Maintain Now or Pay Later

By Lois Ritarossi / Published:

Inkjet presses from many equipment manufacturers (OEMs) have delivered on the promise of lower cost, higher throughput, and better uptime. Many in-plant print operations attribute part of their success to their inkjet adoption strategy. Performing regular preventative maintenance is the  key to drive uptime and excellent image quality.

No short-cuts

COVID-19 has created many unexpected changes in production schedules and staffing models. Proper preventative maintenance is more important than ever in this unpredictable situation. Some in-plant printers, like those in school districts, are experiencing dramatic increases in print volumes. In contrast, some in-plant operations have temporarily shut down as communications from their organizations have moved to digital distribution.

Most organizations are experiencing challenges in staffing and managing print volumes. Preventative maintenance according to your OEM’s prescribed schedule is critical to optimizing uptime and producing excellent print quality.

Pennies and minutes vs. dollars and hours

Inkjet presses run best when they are continually running multiple shifts every day. Operators may be tempted to save time in the moment and not perform a scheduled maintenance process. Operators may be busy running jobs or filling in for staff unable to work. They may lack the confidence or skill to perform each maintenance process. Some operators may opt to skip proscribed maintenance steps. This short-term thinking often results in unplanned downtime that can negatively impact production turnaround in the days and weeks ahead.

Service Matters

OEM service teams are working hard to keep printers running to meet the needs of their customers and communities. Many have modified policies and procedures to be responsive to the health concerns and operational changes at their client’s plants due to COVID-19. Several service managers shared how their teams are supporting printers during the crisis.

Ricoh maintains most of the VC series installed inkjet lines. Their service teams are all working and driving to customer locations. They have instituted safety measures for wearing masks and cleaning equipment. Many customers are experiencing changes in their shift scheduling. Some customers are needing additional support to plan for extended downtime. The Ricoh service team is supporting  customers with service and installations during the crisis. Ricoh has expanded their Ricoh Business Booster program with additional content to assist customers experiencing changes in their operations. They have posted more training videos and are providing more community connections among customers.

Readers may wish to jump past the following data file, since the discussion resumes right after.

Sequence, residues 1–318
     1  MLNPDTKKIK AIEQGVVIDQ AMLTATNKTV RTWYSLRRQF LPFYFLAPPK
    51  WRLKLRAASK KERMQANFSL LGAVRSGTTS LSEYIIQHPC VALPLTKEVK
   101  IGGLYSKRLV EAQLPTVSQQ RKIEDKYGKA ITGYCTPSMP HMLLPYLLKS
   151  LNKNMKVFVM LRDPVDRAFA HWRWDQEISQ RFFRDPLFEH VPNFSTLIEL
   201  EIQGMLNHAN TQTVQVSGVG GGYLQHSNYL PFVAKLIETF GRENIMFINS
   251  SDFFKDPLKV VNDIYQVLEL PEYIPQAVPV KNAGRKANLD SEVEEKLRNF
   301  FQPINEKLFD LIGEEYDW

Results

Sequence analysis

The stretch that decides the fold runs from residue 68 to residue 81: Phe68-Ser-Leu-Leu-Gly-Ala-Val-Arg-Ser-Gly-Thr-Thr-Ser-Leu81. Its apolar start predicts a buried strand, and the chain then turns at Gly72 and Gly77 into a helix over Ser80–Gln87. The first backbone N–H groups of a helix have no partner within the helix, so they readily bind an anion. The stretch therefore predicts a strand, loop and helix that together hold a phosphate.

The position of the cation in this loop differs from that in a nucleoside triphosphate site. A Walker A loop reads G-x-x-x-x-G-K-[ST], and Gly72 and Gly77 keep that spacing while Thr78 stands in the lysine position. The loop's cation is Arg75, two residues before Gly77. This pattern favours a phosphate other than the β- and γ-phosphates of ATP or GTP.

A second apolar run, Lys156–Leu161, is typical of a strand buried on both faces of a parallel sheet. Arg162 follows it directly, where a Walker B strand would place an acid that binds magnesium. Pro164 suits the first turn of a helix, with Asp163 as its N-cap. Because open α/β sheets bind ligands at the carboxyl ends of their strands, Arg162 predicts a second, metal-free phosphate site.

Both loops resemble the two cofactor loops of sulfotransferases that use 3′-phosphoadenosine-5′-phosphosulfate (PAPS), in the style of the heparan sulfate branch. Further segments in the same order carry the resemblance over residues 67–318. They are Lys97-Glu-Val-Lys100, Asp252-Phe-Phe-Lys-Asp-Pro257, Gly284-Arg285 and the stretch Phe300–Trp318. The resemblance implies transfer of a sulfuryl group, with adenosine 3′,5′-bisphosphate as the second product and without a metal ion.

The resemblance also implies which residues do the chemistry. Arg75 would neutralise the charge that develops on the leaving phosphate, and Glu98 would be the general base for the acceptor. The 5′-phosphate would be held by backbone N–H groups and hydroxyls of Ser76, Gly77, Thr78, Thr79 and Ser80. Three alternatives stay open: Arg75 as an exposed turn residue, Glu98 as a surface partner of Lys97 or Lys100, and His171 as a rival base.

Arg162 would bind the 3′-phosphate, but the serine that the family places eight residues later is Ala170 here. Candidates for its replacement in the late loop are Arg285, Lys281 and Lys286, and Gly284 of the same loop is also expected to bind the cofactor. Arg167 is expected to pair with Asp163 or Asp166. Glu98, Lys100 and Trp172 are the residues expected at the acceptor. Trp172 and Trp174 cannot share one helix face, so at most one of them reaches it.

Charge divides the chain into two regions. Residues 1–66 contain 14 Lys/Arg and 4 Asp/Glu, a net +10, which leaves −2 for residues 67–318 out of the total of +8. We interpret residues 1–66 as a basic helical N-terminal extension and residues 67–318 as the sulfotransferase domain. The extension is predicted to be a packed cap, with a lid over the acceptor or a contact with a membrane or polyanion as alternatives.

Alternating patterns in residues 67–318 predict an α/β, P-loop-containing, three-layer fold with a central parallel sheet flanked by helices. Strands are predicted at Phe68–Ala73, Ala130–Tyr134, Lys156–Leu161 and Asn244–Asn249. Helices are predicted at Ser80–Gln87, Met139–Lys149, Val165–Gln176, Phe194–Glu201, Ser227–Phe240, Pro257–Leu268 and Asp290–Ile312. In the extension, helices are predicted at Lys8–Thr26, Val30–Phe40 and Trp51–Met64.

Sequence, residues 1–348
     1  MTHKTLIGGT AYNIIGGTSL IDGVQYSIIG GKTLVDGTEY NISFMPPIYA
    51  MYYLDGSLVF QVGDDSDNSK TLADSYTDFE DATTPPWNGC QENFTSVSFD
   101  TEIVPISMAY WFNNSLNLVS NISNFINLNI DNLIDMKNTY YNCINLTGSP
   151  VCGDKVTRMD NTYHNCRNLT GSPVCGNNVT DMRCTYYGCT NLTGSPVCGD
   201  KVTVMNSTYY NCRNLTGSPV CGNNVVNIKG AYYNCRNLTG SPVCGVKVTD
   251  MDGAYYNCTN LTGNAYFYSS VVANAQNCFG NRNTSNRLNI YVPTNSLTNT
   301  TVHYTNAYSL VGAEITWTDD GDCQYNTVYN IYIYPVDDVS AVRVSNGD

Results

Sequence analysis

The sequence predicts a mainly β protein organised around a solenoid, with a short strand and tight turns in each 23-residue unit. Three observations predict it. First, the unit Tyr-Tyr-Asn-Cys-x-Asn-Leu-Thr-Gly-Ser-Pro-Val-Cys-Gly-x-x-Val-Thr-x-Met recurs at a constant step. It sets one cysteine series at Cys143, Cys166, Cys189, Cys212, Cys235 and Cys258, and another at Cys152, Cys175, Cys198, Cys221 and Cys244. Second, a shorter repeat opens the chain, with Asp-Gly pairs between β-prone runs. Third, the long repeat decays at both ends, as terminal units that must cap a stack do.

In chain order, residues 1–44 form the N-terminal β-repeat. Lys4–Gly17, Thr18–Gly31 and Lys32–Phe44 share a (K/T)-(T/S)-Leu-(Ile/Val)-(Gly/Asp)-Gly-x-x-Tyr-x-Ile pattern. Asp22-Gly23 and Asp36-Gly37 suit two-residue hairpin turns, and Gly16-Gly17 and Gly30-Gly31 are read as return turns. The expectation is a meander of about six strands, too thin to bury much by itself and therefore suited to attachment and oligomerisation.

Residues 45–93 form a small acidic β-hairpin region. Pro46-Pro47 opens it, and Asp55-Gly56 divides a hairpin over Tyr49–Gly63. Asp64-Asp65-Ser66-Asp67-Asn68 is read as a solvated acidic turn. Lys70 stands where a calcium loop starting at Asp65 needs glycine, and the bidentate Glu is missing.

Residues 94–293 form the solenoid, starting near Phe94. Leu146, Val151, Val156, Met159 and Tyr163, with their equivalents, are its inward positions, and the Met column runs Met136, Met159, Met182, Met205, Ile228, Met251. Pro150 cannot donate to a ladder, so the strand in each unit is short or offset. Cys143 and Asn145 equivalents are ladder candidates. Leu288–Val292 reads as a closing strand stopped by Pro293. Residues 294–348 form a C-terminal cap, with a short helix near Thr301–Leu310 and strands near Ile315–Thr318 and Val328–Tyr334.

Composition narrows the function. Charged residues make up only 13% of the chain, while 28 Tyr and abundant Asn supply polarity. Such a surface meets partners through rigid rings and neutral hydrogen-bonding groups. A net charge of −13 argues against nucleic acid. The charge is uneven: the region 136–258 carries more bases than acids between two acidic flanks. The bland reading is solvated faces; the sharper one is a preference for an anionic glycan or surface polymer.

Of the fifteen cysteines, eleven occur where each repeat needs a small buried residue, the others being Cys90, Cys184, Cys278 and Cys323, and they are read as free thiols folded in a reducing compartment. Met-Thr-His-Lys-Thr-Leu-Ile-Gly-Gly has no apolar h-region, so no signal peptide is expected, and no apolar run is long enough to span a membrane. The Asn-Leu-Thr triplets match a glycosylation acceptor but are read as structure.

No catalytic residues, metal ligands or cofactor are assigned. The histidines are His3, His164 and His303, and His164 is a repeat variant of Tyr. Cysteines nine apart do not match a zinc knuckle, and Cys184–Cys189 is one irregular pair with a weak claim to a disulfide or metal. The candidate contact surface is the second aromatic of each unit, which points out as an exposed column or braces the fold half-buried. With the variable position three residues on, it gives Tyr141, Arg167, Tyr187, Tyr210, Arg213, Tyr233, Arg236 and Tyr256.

Canon has postponed non-critical service support, like software updates so their service team can focus on customer needs for productivity and uptime. The Canon service team is also assisting customers who are planning for extended shutdowns with detailed procedures to clean equipment so it will perform optimally when it is powered up. Canon has enhanced its service support by enabling customer to use its video support system and connect directly to higher level technical support resources in Boca and in Europe. Canon has removed the need for a service technician to be involved in submitting a request on behalf of a customer. Customers are experiencing increased responsiveness to technical issues.

Konica Minolta has expanded their service team, so technicians are in driving distance to all customers. They have also adopted new health security measures for service teams working onsite at client facilities. For the KM1 series, Konica Minolta has created training and content so press operators can do the scheduled maintenance on their own. This fits the strategic model of KM1 installations replacing offset presses and being run by operators accustomed to performing their own maintenance.

Do it Right

OEMs have expanded online help, and training videos to support customers and minimize onsite support where possible. Each inkjet platform has a unique design and a proscribed series of steps for preventative maintenance. It is ill-advised to skip any steps. Insist that your operators are following the defined process to ensure the printer is in the optimal state for the next job and the next shift. Avoiding any steps in the process may degrade print quality or require additional maintenance and down-time to get back to optimization.

Well-run print organizations know the importance of regularly completing preventative maintenance to create predictable outcomes for their customers. Preventative maintenance takes time today but saves money for tomorrow.

About the Author

Lois Ritarossi

Lois Ritarossi, CMC®, is the President of High Rock Strategies, a consulting firm focused on sales and marketing strategies, and business growth for firms in the print, mail and communication sectors. Lois brings her clients a cross functional skill set and strategic thinking with disciplines in business strategy, sales process, sales training, marketing, software implementation, inkjet transformation and workflow optimization. You can reach Lois at

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